I’m in the process of setting up an Etsy shop for some of my jewelry, and one of the key parts of having a good shop is having good photos. The challenging part is having photos that look nice, have accurate colors, and show a potential buyer the key features of a piece. It sounds simple, but it’s not.
For me, the hardest part is that I want to take photos that are more… artistic.
I just took this one this morning, and while I really like the layers from the papers, and the composition, it’s not really ideal for an online shop. First, there’s a lot going on in the picture that has nothing to do with the jewelry itself. Second, while the jewelry is a major component of the image, it’s not center stage like it should be, and it’s hard to get a feel for the necklace as a whole. So, while I like the photo a lot, it’s not really what I need for Etsy.
Enter the gear. I got a light tent recently, and I’m already falling in love with it. The main point of one of these guys is to diffuse the light, so that the photos don’t get washed out or have harsh shadows. I added a tripod and a prop and I focused on buyer-friendly composition to get this pic.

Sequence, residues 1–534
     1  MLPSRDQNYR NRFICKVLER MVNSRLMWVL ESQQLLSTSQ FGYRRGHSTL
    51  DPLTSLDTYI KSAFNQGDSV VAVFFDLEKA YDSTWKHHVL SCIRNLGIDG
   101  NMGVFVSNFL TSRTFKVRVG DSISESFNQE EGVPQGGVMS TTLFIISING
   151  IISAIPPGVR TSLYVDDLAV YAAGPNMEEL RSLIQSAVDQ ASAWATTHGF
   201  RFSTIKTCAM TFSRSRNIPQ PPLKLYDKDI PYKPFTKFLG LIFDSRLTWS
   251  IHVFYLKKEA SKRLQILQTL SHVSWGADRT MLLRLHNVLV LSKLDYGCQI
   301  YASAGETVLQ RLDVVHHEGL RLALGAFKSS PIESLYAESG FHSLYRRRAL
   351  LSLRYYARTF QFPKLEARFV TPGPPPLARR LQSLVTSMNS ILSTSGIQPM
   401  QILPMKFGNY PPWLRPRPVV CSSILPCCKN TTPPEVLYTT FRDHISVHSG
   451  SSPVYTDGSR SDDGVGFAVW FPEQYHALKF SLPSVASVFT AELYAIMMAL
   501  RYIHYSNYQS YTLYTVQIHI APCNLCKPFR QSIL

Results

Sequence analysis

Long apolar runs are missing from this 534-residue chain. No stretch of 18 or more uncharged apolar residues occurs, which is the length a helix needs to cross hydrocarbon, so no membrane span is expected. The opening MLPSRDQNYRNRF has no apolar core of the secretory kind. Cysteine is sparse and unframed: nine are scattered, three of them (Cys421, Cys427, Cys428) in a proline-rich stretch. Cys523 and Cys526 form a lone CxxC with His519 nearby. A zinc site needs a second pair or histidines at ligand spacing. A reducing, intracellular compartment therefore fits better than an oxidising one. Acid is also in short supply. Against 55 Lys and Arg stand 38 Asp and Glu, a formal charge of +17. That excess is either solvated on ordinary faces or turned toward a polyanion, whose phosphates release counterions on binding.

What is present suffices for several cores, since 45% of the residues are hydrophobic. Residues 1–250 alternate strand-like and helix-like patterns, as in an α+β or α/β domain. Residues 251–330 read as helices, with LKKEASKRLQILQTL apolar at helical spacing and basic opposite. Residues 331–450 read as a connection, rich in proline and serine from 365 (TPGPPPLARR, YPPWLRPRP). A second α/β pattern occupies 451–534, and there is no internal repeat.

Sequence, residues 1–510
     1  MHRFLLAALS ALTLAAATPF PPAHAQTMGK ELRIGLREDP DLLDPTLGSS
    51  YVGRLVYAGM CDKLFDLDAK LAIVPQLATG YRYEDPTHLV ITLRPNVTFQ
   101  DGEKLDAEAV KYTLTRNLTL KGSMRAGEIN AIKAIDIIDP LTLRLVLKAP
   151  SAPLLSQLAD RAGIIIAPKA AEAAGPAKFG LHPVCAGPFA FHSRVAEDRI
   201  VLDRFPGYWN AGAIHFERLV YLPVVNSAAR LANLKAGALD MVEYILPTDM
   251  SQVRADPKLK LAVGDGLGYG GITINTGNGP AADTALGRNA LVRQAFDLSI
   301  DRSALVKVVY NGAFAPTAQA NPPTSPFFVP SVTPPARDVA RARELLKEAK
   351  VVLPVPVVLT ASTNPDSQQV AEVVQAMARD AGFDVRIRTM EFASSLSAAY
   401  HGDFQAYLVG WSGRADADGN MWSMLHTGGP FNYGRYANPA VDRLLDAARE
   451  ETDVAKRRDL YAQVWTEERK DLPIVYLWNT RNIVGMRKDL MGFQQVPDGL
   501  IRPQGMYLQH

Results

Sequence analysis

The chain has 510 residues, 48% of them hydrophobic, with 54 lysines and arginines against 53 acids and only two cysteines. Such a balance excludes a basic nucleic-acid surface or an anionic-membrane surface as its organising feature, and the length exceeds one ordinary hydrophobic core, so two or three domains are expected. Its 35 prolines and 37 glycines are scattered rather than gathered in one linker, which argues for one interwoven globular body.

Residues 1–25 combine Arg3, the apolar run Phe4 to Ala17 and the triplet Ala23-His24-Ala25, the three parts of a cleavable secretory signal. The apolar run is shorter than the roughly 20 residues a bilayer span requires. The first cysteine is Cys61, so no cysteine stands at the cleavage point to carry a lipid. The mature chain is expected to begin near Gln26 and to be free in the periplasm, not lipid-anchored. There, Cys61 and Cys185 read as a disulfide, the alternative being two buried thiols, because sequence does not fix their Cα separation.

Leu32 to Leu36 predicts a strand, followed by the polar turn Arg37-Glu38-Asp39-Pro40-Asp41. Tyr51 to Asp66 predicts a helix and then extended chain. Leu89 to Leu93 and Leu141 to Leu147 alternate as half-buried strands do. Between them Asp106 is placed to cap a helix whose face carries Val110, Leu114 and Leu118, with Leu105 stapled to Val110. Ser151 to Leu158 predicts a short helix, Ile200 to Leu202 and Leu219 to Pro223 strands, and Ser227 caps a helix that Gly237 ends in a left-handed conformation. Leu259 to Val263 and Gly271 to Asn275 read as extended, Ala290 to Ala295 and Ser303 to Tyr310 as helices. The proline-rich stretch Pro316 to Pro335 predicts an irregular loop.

While the composition isn’t as fun, it works better for Etsy. Anyone looking at this photo immediately gets a clear idea of what the earrings look like and how they’re put together.
Though, I’m wondering if there’s room for both kinds of photo in a listing. On a technical level, there is since you can post multiple photos. I just wonder if the more artistic shots are distracting compared to the business shots. I guess there’s one way to find out.
I’ll be tinkering with my shop a bit more before it’s ready to go live, but the launch is getting close and I’m not sure which wins out – nerves, or excitement.